Anthony Duquette, the multitalented artist, has taken his 150-acre ranch in the Malibu hills just above the Ventura County line and turned it into a magical kingdom. There are pergolas and cupolas, gazebos, even a Thai sailing vessel plus hidden trails, trellised walks and five houses set into the trees (all planted by Tony) and painted his particular shade of turquoise.
That fanciful setting is where Tony gave a birthday luncheon for his wife, Elizabeth, the artist who is called Beegle by all her chums, a Gemini like her husband. There have been earlier Gemini celebrations and there are bound to be many more for the Duquettes and their Gemini pals. But this one had its own special charm.
The pre-luncheon refreshments--Beegle's pate, margaritas, taquitos, crudites, Tony's favorite Red Eric Danish beer (the late Doris Stein introduced him to the beverage)--were served in a walkway covered by vines and flowers.
Lunch--a Mexican melange of chiles rellenos, enchiladas, rice and beans--was served on a nearby terrace. And by then the sun had emerged from the clouds.
Many of the guests arrived bearing gifts. Author Mary Anita Loos, who drove up with Jay Allen and Oscar-winning (for "Spartacus") costume designer Bill Thomas, brought a straw hat decorated with dried flowers for Beegle and nut corn for Tony. (The guests devoured it after they'd eaten the chocolate birthday cake.) Cynthia Lindsay brought a framed photo she'd taken in Switzerland of a pink-nosed cow decorated with spring posies. Hutton and Ruth Wilkinson were there helping host the afternoon affair while their Highland terrier, Jipper, a red bandanna around his neck, behaved like a perfect gentleman.
After lunch, Tony took people on tours up and down the hilly terrain and into the guest houses. Admiring the decor (the faux wood and marble walls) and Tony's store of treasures were actor Robert Patton, back from San Francisco where he did some Ralph Lauren commercials; banker Harry and Marjorie (Lord) Volk; Katy and Freeman Gates; Tony's brother Lucien Duquette; theatrical producer David Knapp (his mother, Gladys Knapp, is another Gemini); Anne Chamberlain; Anne Mudd, who is now in the fashion business with her daughter, and Alden and Sheila Pearce.
When Cuisine a Roulettes, the organization that last year served 186,000 meals to needy homebound and forgotten seniors in the Central Los Angeles area, stages a fund-raising event, it's done with plenty of pizazz. On June 15 it will be an Old West theme for a party at the home of Mr. and Mrs. John B. Kilroy, who recently annexed the former Atwater Kent estate to their own. Everyone's being asked to don Western duds for the root-toot-tooting cocktail hour, the "El Grande" chuck-wagon dinner, for the active dancing and the entertainment. While the lights twinkle below, there will be some exploring to do around the once-buried gardens and the ruins which the Kilroys have excavated on the Atwater Kent property, scene in Hollywood's golden years of some pretty exceptional parties. Roulettes, also known as SAM's C.A.R.S., was founded by Nelly Llanos and Kathy Kilroy to help Sister Alice Marie Quinn's St. Vincent Senior Citizen Nutrition Program. Sister Alice is known as Sister S.A.M., and therefore Roulettes is often referred to as Sam's C.A.R.S.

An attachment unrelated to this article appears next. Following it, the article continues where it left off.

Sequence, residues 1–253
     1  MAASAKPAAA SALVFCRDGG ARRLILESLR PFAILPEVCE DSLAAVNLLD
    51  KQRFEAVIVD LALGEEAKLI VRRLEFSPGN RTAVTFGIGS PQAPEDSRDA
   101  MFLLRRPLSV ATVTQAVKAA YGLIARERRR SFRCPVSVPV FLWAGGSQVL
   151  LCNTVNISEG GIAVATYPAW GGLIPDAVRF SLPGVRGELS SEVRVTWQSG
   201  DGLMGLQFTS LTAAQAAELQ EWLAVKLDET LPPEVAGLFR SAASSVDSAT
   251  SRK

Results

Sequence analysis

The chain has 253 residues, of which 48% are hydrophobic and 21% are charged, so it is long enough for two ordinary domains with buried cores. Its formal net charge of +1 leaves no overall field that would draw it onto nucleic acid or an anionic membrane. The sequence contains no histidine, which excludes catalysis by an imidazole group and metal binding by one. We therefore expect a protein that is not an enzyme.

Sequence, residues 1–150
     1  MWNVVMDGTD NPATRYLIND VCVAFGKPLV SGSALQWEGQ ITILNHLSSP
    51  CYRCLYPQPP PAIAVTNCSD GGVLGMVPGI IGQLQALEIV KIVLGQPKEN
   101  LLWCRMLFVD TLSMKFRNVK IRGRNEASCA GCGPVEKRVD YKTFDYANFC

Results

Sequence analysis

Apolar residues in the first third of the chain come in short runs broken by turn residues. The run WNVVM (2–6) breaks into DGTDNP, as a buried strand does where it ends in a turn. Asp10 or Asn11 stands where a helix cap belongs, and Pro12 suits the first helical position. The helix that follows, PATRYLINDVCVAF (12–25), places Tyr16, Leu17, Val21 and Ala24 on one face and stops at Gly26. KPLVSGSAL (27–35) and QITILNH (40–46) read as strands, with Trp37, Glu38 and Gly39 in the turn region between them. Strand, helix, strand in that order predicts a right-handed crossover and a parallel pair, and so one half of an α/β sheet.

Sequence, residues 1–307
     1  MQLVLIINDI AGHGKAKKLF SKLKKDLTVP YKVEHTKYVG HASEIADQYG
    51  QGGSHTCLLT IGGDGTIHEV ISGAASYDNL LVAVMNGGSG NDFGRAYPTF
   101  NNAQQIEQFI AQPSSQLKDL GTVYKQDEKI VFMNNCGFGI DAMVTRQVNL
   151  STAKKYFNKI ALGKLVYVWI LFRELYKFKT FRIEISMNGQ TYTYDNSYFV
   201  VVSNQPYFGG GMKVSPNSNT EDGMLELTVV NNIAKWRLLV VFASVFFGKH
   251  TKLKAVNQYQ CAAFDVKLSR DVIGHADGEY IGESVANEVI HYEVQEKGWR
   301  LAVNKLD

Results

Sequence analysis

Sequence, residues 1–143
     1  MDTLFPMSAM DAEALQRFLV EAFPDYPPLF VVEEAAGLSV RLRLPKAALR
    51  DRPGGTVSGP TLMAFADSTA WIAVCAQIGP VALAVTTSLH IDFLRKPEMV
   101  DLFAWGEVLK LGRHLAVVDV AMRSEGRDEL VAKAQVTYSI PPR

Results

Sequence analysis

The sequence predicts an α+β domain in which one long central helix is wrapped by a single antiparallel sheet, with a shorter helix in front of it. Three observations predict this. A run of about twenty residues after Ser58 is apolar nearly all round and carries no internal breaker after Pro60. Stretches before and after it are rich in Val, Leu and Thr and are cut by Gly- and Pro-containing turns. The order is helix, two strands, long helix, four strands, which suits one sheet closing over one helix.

The Social Scramble: Last month at its annual dinner meeting at the Riding and Polo Club in Burbank, the Junior League of Los Angeles introduced its new officers. Among them were Sue Patrick, the new president who succeeds Lea Ann King; Carolyn Milner, president-elect; Barbara Wright, vice president; Barbara Bundy, treasurer; Joan Tisdall, secretary, and Jill Walker, director of the Community Council.
Eugenia Chandris, author of the well-researched book on how the feminine figure adds weight (Doubleday's "The Venus Syndrome"), has been moving around the country promoting her book and visiting with chums. In San Francisco, Mrs. Gordon Getty (flame-haired Ann) gave a party for Eugenia in her Pacific Heights home, and the guest of honor who is used to the best (she's from a Greek shipping family) was impressed with Ann's style of entertaining. Ann, having bought Grove Press recently with England's Lord Weidenfeld, is now a publisher, and she and her partner have commissioned Eugenia to write a book for them on a subject she knows well--the Greek shipping clans.
Lunching inside at Ma Maison--Roger Vadim, the director who discovered Brigitte Bardot, and Orson Welles.
Skitch Henderson surprised Rosemary Clooney with a birthday party at Jim McMullen's, the popular New York restaurant. And among the chums delighted to be in on the "Happy Birthdays" were Rosemary's son Miguel, Josh and Nedda Logan, the Edward Tishmans, Philip Morris executives Guy Smith and Harrison Poole and the band that backs Rosemary up on her singing engagements.